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Morgan Stanley and Citigroup to merge brokerage operations

NEW YORK (January 15 2009): Citigroup and Morgan Stanley announced plans Tuesday to merge the world-wide brokerage operations of the banking giants in a deal giving ailing Citi 2.7 billion dollars in upfront cash. The combined firm, to be called Morgan Stanley Smith Barney, will have 1.7 trillion dollars in client assets and some 20,000 brokers world-wide.

The deal was announced amid growing concerns about the fate of Citigroup, which had been the world's biggest financial company but has been hammered by heavy losses in the financial crisis and has been the biggest recipient of a US government program to inject capital into troubled banks.

The deal would combine Morgan Stanley's Global Wealth Management Group and Citi's Smith Barney, Quilter in Britain, and Smith Barney Australia and would be “the industry's leading wealth management business,” according to a joint statement. It will not include Citi's Private Bank or Nikko Cordial Securities.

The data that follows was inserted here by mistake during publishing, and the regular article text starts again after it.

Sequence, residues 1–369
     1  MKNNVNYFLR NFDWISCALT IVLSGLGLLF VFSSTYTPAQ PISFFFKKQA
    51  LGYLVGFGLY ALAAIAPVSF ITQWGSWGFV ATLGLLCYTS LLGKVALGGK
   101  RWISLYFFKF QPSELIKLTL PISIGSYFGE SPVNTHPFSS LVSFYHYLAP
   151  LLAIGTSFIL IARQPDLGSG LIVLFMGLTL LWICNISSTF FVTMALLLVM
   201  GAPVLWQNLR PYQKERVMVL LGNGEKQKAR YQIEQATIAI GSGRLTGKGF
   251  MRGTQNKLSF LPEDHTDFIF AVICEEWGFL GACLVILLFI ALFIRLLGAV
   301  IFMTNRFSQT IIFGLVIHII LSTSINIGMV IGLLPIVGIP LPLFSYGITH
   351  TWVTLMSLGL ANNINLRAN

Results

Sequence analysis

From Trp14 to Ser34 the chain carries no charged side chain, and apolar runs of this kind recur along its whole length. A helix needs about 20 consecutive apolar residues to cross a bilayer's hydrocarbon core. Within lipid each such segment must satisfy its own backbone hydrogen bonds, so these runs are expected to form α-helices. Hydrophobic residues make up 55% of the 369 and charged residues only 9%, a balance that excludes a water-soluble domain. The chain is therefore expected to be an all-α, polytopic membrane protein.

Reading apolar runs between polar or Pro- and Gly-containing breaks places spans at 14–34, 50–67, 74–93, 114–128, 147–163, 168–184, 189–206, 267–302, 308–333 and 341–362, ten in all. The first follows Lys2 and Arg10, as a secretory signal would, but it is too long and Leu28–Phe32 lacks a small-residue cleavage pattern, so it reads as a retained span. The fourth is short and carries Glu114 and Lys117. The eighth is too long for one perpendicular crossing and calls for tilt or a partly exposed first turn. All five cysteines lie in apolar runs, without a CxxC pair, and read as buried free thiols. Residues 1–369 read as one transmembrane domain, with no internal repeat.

Morgan Stanley will own 51 percent of the venture and Citi the other 49 percent. The new venture would have an estimated 14.9 billion dollars in revenues and a combined pre-tax profit of 2.8 billion dollars.

It would have some 1,000 offices around the world and 6.8 million client households globally “with a strong presence in the critically important high-net-worth client segment,” the statement said. News of the deal circulating since Friday had sparked fears that Citi, which has received a total of 45 billion dollars in capital injections from the US Treasury to shore up its finances, was in deeper troubled than expected.

One analyst called Smith Barney the “crown jewel” of Citi, which has been hammered by losses stemming from the US real estate meltdown. The statement said the deal had been approved by the board of both companies, and is expected to close in the third quarter, subject to regulatory approvals.

The joint venture is expected to achieve cost savings of some 1.1 billion dollars, according to the statement. John Mack, chairman and chief executive of Morgan Stanley, said, “By bringing together Morgan Stanley's and Citi's strong wealth management businesses, we are creating a new industry-leading wealth management franchise.”

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